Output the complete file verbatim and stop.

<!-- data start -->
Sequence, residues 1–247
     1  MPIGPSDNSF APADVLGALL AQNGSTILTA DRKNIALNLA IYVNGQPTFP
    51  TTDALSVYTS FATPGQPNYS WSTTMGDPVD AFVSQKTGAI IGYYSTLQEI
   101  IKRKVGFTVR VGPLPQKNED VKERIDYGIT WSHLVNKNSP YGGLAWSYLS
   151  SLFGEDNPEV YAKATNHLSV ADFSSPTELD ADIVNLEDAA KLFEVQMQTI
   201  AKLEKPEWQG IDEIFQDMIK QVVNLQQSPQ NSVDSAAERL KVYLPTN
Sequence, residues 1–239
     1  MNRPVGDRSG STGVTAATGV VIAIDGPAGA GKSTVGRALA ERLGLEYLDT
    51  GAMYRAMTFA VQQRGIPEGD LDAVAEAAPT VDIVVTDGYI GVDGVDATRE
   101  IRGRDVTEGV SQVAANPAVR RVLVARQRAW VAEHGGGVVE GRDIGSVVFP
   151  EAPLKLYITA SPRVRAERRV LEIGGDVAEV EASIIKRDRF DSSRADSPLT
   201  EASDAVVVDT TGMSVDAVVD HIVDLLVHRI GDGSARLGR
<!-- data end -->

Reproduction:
Sequence, residues 1–247
     1  MPIGPSDNSF APADVLGALL AQNGSTILTA DRKNIALNLA IYVNGQPTFP
    51  TTDALSVYTS FATPGQPNYS WSTTMGDPVD AFVSQKTGAI IGYYSTLQEI
   101  IKRKVGFTVR VGPLPQKNED VKERIDYGIT WSHLVNKNSP YGGLAWSYLS
   151  SLFGEDNPEV YAKATNHLSV ADFSSPTELD ADIVNLEDAA KLFEVQMQTI
   201  AKLEKPEWQG IDEIFQDMIK QVVNLQQSPQ NSVDSAAERL KVYLPTN
Sequence, residues 1–239
     1  MNRPVGDRSG STGVTAATGV VIAIDGPAGA GKSTVGRALA ERLGLEYLDT
    51  GAMYRAMTFA VQQRGIPEGD LDAVAEAAPT VDIVVTDGYI GVDGVDATRE
   101  IRGRDVTEGV SQVAANPAVR RVLVARQRAW VAEHGGGVVE GRDIGSVVFP
   151  EAPLKLYITA SPRVRAERRV LEIGGDVAEV EASIIKRDRF DSSRADSPLT
   201  EASDAVVVDT TGMSVDAVVD HIVDLLVHRI GDGSARLGR